Why Do Dogs Sit on Your Feet?

Breaking down a common type of dog body language: sitting on your feet.

Boston Terrier dog looking up at woman wearing cozy socks
Dog body language can be complex, but a dog sitting on your feet is typically a call for security. ©Rebecca Nelson/Getty Images

When dogs sit on our feet, it is a simple act that many pet parents experience regularly, but the reason isn’t so simple.

What does it mean when dogs sit on your feet?

The most common reason why our dogs do this is to feel a sense of security.

California-based dog trainer Ash Miner, a certified trick dog instructor (CTDI) who is working on a master’s degree in animal behavior, says a dog sitting on his or her parent’s feet is usually giving the pup the sense of someone having their back. It’s also to show their desire to stay close to you. If you get up, they know — because they’re on your feet — even if they fall asleep.

Ash says she’s found this act to be a personality trait that can span any age, size or breed of dog. She has found it is particularly common in puppies, who are trying to keep track of their family.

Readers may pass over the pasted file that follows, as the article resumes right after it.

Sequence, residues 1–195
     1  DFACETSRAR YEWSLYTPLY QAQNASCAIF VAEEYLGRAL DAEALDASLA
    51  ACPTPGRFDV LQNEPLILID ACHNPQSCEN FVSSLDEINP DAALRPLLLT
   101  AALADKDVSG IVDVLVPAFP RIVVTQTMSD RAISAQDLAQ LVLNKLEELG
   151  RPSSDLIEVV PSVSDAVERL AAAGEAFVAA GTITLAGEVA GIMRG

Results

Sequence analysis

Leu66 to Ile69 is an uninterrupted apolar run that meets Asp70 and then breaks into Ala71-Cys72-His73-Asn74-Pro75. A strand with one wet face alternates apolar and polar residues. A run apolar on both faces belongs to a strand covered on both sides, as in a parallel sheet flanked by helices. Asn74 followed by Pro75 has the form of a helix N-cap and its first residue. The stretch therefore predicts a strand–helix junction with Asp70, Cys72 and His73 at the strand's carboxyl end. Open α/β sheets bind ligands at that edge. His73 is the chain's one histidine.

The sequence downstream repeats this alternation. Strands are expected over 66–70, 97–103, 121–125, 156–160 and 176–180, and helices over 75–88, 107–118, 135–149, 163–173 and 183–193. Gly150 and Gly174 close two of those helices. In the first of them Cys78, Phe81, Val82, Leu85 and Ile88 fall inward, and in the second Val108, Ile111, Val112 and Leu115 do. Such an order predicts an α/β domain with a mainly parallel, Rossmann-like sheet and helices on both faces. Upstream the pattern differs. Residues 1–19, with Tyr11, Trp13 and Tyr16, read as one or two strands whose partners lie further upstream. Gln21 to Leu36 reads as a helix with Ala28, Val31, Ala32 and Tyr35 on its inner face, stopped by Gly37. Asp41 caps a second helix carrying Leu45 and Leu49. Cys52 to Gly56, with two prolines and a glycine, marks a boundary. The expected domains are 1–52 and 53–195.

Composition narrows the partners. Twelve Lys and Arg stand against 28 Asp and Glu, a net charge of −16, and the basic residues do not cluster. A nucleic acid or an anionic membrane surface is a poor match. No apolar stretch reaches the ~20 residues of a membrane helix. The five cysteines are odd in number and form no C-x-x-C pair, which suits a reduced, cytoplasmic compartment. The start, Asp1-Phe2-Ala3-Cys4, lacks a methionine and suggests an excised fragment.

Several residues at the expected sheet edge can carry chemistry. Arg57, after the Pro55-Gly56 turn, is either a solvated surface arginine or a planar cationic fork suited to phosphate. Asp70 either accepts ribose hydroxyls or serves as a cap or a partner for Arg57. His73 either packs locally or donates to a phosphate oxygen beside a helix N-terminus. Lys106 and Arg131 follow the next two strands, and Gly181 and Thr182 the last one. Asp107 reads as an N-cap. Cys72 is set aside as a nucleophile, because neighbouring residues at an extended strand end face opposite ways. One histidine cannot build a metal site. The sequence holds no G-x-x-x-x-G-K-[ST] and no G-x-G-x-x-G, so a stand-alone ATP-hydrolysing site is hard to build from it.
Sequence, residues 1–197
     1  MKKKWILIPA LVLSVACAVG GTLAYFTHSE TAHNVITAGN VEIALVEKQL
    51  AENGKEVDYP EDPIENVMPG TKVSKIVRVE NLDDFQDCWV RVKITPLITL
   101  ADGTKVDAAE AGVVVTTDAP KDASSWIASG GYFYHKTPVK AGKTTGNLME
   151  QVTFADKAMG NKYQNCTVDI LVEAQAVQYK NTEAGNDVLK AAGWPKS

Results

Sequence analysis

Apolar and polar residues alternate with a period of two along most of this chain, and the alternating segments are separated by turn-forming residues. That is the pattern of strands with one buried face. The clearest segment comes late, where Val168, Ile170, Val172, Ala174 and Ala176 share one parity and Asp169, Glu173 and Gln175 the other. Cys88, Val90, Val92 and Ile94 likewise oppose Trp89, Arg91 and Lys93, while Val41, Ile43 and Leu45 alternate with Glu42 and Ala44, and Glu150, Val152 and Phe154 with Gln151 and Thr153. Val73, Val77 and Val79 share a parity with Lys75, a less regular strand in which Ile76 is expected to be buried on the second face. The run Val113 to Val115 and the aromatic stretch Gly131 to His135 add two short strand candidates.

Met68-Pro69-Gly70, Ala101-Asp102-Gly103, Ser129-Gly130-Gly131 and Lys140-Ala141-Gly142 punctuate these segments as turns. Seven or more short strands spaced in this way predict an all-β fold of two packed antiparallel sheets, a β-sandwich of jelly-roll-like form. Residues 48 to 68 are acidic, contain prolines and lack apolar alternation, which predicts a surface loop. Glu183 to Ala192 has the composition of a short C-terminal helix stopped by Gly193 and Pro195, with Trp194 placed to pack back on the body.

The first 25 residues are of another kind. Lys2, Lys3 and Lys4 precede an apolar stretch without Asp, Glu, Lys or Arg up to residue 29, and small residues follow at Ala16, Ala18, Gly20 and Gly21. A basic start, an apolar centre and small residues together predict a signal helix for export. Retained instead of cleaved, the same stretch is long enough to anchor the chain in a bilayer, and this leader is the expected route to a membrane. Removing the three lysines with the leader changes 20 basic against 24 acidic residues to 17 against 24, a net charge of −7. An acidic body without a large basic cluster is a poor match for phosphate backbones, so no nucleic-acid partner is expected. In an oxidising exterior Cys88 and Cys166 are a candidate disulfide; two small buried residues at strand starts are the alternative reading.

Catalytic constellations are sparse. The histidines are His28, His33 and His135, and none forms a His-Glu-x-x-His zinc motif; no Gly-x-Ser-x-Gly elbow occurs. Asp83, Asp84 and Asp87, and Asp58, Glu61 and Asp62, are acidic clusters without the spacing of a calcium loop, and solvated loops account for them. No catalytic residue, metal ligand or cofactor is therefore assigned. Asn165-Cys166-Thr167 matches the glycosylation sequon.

Can this behavior be a health concern?

Dog body language is sometimes complex and there are a number of possible reasons why your dog sits on your feet. Ash says though she isn’t a medical expert, there are also health-related reasons, including arthritis making it difficult for the dog to sit all the way down. She says she knew a dog who sat on her parent’s feet immediately following a grand mal seizure.

Certified Professional Dog Trainer Kate Connell, of Calmer Canines California, says there’s no one proven reason why dogs sit at our feet. She says reasons can vary widely depending on the expert you ask — from your pet trying to bond with you to your pet being protective and, more rarely, exhibiting dominance behavior.

When dogs sit at our feet, it often seems like a sweet, loving gesture — and that may be exactly what it is. But if you notice any other habits in your dog that you can’t explain or that concern you, consult a veterinary or animal behavior professional because it could be a sign of a larger health or behavior issue.

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